Academic journal article The Canadian Journal of Human Sexuality

Sexuality and People Living with Physical or Developmental Disabilities: A Review of Key Issues

Academic journal article The Canadian Journal of Human Sexuality

Sexuality and People Living with Physical or Developmental Disabilities: A Review of Key Issues

Article excerpt


The recognition that people living with disabilities are entitled to be sexual beings is a relatively new one. Prior to the 1970s, little of no research was conducted on the sexuality of people with disabilities (Milligan & Neufeldt, 2001). Historically, Western culture has viewed people with disabilities as asexual or potentially deviant. Although arguably less pervasive today than in the past, the myths surrounding the sexuality of disabled people are still very much with us. As Anderson and Kitchin (2000) put it,

   Cultural representations of" disabled people
   as "sick and sexless" are supported and
   sustained by a set of myths. Myths in relation
   to disability and sexuality include disabled
   people being asexual, that is lacking a
   biological sex drive, being unable to partake
   in sexual activity, and that disabled people
   (particularly those with a developmental/
   intellectual disability) lack the requisite social
   judgement to behave sexually in a socially
   responsible manner (p. 1164).

A recent review of available research shows that sex acts involving persons with disabilities are viewed more negatively than when these same behaviours are considered in the context of non-disabled persons (Milligan & Neufeldt, 2001). As DeLoach (1994) argues, the existence of such attitudes serves not only to isolate and marginalize the disabled, they also lead to the internalization of negative attitudes and beliefs by the disabled themselves. In some cases, the presumption of asexuality can become a self-fulfilling prophecy, leading people with disabilities to retreat from intimacy and sexuality (Milligan & Neufeldt, 2001). Health professionals are not immune to such beliefs. All individuals who work with people with disabilities need to be aware of the destructive impact that negative attitudes about sex can have on the health and well-being of their clients. Health professionals must also be prepared to work constructively with people with disabilities to fully maximize their potential as sexual beings.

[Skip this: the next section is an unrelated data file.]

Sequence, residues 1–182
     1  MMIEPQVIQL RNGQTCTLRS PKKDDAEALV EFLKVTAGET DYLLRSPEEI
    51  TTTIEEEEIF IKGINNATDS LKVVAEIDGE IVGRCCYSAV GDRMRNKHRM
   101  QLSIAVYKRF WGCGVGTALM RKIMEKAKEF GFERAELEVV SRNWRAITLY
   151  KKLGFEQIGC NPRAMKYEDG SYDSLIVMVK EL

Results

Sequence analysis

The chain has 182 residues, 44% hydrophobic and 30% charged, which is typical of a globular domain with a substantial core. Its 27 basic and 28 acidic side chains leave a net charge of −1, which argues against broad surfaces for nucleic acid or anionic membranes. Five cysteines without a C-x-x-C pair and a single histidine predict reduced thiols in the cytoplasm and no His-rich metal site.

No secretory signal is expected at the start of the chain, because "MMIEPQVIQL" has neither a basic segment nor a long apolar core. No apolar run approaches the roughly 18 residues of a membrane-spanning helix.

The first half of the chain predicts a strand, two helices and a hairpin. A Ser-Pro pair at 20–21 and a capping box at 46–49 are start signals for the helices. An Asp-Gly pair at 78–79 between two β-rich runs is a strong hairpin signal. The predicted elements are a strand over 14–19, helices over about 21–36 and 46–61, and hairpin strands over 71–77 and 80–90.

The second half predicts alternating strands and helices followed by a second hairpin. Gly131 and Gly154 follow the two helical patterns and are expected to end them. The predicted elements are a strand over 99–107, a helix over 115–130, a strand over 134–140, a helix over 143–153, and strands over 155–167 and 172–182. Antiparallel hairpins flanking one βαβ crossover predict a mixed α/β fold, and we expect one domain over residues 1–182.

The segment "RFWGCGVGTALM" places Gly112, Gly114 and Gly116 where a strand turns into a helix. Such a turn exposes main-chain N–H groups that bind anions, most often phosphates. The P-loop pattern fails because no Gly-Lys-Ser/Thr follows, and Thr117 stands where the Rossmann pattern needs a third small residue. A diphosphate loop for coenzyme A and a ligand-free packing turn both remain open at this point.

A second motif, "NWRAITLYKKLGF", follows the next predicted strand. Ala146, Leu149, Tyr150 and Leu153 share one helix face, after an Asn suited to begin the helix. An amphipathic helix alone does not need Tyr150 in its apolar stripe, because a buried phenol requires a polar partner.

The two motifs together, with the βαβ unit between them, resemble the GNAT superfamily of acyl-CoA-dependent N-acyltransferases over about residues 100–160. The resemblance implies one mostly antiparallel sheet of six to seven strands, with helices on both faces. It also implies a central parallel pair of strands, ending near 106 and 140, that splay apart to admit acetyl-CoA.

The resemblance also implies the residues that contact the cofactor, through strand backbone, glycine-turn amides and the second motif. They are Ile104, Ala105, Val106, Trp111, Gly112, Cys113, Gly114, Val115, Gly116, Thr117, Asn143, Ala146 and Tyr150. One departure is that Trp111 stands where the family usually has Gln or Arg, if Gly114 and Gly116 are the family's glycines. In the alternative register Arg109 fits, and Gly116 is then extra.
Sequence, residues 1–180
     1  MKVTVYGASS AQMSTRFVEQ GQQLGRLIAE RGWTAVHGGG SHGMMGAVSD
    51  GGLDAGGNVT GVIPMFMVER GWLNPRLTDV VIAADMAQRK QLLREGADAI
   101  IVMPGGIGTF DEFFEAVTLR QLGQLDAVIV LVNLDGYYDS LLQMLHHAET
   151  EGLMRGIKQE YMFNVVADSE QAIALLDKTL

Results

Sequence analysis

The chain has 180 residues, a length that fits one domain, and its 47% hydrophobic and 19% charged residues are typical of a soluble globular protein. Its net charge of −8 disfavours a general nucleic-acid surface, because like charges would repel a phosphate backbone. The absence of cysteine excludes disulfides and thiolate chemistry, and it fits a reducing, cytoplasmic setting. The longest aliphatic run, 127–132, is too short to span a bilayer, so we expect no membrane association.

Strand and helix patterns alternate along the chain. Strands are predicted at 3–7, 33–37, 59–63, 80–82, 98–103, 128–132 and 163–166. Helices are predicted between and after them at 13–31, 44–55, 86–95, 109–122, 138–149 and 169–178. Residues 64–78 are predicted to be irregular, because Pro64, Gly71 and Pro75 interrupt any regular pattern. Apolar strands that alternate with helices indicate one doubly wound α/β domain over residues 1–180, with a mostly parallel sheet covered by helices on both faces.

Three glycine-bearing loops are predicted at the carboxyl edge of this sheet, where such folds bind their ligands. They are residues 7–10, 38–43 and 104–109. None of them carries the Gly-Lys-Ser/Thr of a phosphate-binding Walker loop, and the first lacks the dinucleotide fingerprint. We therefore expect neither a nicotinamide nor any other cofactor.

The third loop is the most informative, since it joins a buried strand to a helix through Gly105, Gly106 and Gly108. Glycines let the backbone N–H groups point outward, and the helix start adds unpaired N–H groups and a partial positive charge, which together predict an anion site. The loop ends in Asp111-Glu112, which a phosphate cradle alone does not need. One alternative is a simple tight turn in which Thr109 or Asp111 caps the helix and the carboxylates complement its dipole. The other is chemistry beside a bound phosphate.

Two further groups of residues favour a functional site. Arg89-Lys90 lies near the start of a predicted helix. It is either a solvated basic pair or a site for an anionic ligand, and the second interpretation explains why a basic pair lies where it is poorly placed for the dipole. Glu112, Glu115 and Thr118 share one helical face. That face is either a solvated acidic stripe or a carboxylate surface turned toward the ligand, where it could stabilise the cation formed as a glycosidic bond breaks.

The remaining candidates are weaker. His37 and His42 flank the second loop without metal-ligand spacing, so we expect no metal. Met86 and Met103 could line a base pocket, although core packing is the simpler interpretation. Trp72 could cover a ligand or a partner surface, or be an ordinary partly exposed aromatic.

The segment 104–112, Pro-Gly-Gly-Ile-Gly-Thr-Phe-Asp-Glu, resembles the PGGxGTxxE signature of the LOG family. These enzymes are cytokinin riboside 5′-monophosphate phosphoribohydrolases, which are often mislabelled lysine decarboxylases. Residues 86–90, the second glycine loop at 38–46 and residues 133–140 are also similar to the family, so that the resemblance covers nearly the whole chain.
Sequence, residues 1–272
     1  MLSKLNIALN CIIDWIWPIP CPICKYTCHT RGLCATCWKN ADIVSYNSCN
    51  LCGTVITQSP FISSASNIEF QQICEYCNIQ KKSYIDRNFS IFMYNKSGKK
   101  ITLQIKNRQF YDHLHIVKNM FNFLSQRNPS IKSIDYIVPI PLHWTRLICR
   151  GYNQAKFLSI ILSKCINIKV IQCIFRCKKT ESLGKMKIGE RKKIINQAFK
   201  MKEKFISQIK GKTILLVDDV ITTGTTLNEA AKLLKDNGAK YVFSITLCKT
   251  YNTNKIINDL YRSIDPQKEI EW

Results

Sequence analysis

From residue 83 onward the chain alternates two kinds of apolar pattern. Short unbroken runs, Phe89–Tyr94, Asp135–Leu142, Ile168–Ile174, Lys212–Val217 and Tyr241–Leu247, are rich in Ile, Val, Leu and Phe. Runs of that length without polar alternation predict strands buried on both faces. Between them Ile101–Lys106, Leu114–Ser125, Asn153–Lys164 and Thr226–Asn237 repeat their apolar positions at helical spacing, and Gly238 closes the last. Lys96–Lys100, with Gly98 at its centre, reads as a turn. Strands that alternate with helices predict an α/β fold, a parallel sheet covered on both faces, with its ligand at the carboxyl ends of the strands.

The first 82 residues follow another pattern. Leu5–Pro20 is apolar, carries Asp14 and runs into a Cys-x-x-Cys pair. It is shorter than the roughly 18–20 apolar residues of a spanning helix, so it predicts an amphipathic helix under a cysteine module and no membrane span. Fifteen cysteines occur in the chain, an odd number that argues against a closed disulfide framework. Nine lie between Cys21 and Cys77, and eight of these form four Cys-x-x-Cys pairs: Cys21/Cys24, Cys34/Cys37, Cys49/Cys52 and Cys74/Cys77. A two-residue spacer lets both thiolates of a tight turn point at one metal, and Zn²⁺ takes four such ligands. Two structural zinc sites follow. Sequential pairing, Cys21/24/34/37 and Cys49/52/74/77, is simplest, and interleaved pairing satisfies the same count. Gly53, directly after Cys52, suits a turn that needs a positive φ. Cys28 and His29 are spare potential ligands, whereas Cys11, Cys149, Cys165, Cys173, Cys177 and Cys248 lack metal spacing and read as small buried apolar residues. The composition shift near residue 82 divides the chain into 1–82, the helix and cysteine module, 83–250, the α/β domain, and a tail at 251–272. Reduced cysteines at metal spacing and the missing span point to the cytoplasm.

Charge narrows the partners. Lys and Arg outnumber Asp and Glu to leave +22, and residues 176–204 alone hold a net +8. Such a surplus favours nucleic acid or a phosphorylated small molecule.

This paper will examine the issues relating to sexuality faced by people living with disabilities. First, a critical overview of the traditional model of sexual response in terms of its applicability to people with disabilities will be presented. Second, some of the sexuality issues faced by people living with physical disabilities (congenital and acquired) and developmental disabilities (e.g., involuntary sterilization, capacity for responsible sexual behaviour, care giver attitudes) will be discussed. This will be followed by an examination of sexuality issues shared across type and onset of disability (increased HIV/AIDS risk, vulnerability to sexual abuse, reduced access to sexuality education for youth, privacy, sexuality related information and healthcare, and sexual partners). The final section offers recommendations for providing sexuality education and sex therapy for people with disabilities.


Traditional models of sexual response have focused on an orderly, staged sequence of physiological functioning. For example, Masters and Johnson's (1966) ground-breaking and widely adopted model of sexual response categorized "normal" sexual functioning as proceeding through four stages: (1) excitement, (2) plateau, (3) orgasm, and (4) resolution. This model provides the basis for the diagnosis and treatment of sexual dysfunctions as categorized in the Diagnostic and Statistical Manual of Mental Disorders-IV-TR (DSM) (American Psychiatric Association, 2000). In other words, an "impairment" or "disturbance" in any one or more of these stages leads, in the strict application of this diagnostic scheme, to the diagnosis of sexual dysfunction. Most guides to the assessment and treatment of sexual dysfunctions are based on the DSM classifications (for example, see Winze & Carey, 2001). …

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